After gum healing. Sufficient gum coverage is also necessary for a successful outcome even if the bone appears adequate. To guard against gum shrinkage that could unattractively expose too much of the implant, we may need to delay implant placement for about 4 to 8 weeks to allow sufficient gum healing and sealing of the extraction wound. Allowing the gums to heal can help ensure there’s enough gum tissue to cover and protect the implant once it’s placed.
After bone healing. As we’ve implied, implants need an adequate amount of supporting bone for best results. When there isn’t enough, we might place a bone graft (often immediately after tooth extraction) that will serve as a scaffold for new bone to grow upon. Depending on the degree of bone loss, we may wait until some of the bone has regenerated (about 2 to 4 months) and then allow the natural process of bone cells growing and adhering to the implant (osseointegration) to complete the needed bone growth. If bone loss is extensive, we may need to wait until full healing in 4 to 6 months to encourage the most stable outcome.
If you would like more information on the process of obtaining dental implants, please contact us or schedule an appointment for a consultation. You can also learn more about this topic by reading the Dear Doctor magazine article “Implant Timelines for Replacing Missing Teeth.”
While we often associate tooth decay with cavities forming in a tooth’s visible or biting surfaces, the occurrence of this all too common disease isn’t limited to those areas. Cavities can develop in any part of a tooth exposed to bacteria.
Gum recession, the shrinking back of the gums from the teeth, can cause such exposure in areas normally covered by the gums. Because these areas are usually more vulnerable to infection when exposed, cavities can develop at or right below the gum line. Because of their location it can be difficult to fill them or perform other treatments.
One way to make it less difficult is to perform a crown lengthening procedure. While the term sounds like we’re increasing the size of the tooth, we’re actually surgically altering the gums to access more of the affected tooth surface for treatment. It’s typically performed in a dental office with local anesthesia by a general dentist or a periodontist, a specialist in the gums.
During the procedure, the dentist starts by making small incisions in the gums to create a tissue “flap” that can be lifted out of the way. This exposes the underlying bone, which they then reshape to support the gum tissue once it’s re-situated in its new position. The dentist then sutures the gums back in place. Once the gums heal, the decayed area is ready for treatment.
Crown lengthening is also useful for other situations besides treating cavities. If a tooth has broken off at the gum line, for example, there may not be enough remaining structure to support a crown. Crown lengthening can make more of the underlying tooth available for the crown to “grab” onto. It’s also useful in some cases of “gummy smiles,” in which too much of the gum tissue is visible in proportion to the tooth size.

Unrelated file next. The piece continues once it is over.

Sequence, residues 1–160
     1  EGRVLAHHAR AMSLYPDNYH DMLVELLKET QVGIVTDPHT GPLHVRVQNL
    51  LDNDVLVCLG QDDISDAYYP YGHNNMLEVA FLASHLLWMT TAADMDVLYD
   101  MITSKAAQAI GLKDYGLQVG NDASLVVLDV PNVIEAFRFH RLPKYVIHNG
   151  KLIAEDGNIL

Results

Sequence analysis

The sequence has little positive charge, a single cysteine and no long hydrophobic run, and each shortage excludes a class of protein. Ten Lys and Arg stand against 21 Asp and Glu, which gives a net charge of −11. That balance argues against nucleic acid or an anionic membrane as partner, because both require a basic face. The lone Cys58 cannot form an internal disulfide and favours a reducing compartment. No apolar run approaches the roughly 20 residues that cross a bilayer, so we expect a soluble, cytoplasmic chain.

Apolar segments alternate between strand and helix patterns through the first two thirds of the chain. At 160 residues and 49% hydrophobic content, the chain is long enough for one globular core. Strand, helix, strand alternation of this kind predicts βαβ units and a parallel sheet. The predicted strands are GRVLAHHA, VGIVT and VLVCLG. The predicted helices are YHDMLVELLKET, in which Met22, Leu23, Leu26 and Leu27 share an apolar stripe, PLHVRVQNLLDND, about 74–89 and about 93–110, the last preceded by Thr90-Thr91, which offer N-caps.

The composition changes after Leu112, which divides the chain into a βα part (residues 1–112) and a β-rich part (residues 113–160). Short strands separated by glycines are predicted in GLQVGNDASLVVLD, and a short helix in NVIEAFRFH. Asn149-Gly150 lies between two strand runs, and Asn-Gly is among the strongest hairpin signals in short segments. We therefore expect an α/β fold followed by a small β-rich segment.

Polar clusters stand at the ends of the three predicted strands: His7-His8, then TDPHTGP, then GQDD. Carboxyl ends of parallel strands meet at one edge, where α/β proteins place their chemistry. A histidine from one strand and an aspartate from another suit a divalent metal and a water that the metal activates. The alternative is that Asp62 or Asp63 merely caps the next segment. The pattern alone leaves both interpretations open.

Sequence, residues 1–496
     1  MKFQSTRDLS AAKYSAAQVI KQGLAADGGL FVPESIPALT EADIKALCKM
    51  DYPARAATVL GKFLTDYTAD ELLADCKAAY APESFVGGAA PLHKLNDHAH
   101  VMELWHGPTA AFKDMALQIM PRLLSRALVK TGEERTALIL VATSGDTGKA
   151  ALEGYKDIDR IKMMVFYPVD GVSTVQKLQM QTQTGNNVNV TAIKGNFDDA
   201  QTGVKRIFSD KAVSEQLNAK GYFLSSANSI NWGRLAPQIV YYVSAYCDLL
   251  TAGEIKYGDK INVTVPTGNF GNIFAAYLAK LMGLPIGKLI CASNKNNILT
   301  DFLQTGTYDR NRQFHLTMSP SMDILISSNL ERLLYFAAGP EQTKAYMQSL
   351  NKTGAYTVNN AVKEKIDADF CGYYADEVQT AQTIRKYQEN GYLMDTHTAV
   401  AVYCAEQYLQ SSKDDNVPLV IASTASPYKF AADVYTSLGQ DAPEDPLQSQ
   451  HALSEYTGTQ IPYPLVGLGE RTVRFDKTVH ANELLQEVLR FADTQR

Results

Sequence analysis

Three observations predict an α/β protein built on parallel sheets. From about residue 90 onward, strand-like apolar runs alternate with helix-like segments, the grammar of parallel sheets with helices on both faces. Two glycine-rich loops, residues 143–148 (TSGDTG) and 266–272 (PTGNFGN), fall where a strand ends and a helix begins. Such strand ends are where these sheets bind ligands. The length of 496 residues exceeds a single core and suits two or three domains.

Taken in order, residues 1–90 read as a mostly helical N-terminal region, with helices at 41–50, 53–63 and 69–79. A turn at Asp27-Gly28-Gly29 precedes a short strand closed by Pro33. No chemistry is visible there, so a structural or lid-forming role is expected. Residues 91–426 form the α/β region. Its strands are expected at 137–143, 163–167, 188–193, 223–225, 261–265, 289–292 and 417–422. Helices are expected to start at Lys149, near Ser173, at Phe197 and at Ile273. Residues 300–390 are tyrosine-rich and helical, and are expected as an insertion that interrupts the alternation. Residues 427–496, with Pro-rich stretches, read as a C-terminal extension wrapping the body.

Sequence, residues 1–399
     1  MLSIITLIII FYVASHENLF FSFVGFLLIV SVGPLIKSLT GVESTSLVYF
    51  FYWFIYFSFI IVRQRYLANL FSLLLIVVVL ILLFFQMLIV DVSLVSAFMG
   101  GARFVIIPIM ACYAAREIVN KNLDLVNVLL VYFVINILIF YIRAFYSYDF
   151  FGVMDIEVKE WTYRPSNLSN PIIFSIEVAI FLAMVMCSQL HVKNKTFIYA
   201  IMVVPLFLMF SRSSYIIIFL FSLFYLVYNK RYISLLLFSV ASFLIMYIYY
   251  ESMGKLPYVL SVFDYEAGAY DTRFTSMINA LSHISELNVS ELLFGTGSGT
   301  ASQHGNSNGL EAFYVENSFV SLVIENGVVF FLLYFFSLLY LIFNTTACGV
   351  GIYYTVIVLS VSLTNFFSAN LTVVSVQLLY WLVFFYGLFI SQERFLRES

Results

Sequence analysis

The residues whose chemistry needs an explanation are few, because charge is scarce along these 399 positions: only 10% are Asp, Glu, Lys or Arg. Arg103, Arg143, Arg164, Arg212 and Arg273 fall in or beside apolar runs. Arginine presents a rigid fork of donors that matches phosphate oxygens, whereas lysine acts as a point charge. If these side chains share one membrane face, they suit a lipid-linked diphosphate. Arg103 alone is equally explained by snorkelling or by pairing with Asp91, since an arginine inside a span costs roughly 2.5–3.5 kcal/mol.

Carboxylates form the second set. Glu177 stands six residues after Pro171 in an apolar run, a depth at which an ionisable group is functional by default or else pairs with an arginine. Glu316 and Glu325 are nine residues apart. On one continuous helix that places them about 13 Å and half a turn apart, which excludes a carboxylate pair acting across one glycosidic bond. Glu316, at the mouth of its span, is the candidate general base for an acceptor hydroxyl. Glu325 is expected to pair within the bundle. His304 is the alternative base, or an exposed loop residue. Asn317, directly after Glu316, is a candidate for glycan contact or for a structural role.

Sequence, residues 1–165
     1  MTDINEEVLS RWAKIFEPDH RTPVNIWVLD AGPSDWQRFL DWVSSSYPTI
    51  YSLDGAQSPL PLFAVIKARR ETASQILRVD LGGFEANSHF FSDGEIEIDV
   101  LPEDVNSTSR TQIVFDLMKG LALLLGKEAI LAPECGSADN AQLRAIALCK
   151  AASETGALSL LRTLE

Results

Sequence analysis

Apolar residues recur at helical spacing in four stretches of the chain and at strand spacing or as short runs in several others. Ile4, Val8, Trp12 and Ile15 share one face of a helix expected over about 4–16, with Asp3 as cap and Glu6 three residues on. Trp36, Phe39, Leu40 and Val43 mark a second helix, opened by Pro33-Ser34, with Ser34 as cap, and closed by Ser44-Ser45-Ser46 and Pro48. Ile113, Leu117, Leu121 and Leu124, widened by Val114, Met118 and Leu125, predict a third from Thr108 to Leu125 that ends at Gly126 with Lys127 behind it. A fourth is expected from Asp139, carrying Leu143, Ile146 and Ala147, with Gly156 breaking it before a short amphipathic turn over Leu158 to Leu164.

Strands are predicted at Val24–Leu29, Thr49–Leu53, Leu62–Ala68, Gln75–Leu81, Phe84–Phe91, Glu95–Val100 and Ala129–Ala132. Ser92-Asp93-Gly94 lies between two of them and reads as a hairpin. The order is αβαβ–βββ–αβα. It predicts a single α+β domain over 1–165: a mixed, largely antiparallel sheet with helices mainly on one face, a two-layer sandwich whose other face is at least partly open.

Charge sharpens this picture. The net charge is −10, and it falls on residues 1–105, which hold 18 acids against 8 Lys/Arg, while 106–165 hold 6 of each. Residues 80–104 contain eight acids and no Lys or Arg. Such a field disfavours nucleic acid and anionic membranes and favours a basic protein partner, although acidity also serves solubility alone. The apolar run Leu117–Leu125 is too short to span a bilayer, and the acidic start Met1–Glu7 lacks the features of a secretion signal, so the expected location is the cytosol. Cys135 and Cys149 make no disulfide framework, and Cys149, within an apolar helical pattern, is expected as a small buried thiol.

Because crown lengthening often involves removing some of the bone and is thus irreversible, you should discuss this procedure with your dentist in depth beforehand. It could be, though, this minor procedure might make it easier to preserve your teeth and even make them look more attractive.
Mayim Bialik has spent a good part of her life in front of TV cameras: first as the child star of the hit comedy series Blossom, and more recently as Sheldon Cooper’s love interest — a nerdy neuroscientist — on The Big Bang Theory. (In between, she actually earned a PhD in neuroscience from UCLA…but that’s another story.) As a child, Bialik had a serious overbite — but with all her time on camera, braces were just not an option.
“I never had braces,” she recently told Dear Doctor – Dentistry & Oral Health magazine. “I was on TV at the time, and there weren’t a lot of creative solutions for kids who were on TV.” Instead, her orthodontist managed to straighten her teeth using retainers and headgear worn only at night.
Today, there are several virtually invisible options available to fix orthodontic issues — and you don’t have to be a child star to take advantage of them. In fact, both children and adults can benefit from these unobtrusive appliances.
Tooth colored braces are just like traditional metal braces, with one big difference: The brackets attached to teeth are made from a ceramic material that blends in with the natural color of teeth. All that’s visible is the thin archwire that runs horizontally across the teeth — and from a distance it’s hard to notice. Celebs like Tom Cruise and Faith Hill opted for this type of appliance.
Clear aligners are custom-made plastic trays that fit over the teeth. Each one, worn for about two weeks, moves the teeth just a bit; after several months, you’ll see a big change for the better in your smile. Best of all, clear aligners are virtually impossible to notice while you’re wearing them — which you’ll need to do for 22 hours each day. But you can remove them to eat, or for special occasions. Zac Efron and Katherine Heigl, among others, chose to wear clear aligners.
Lingual braces really are invisible. That’s because they go behind your teeth (on the tongue side), where they can’t be seen; otherwise they are similar to traditional metal braces. Lingual braces are placed on teeth differently, and wearing them often takes some getting used to at first. But those trade-offs are worth it for plenty of people. Which celebs wore lingual braces? Rumor has it that the list includes some top models, a well-known pop singer, and at least one British royal.
So what’s the best way to straighten your teeth and keep the orthodontic appliances unnoticeable? Just ask us! We’d be happy to help you choose the option that’s just right for you. You’ll get an individualized evaluation, a solution that fits your lifestyle — and a great-looking smile!
For more information about hard-to-see (or truly invisible) orthodontics, please contact our office or schedule a consultation. You can read more in the Dear Doctor magazine articles “Orthodontics for the Older Adult” and “Clear Aligners for Teenagers.”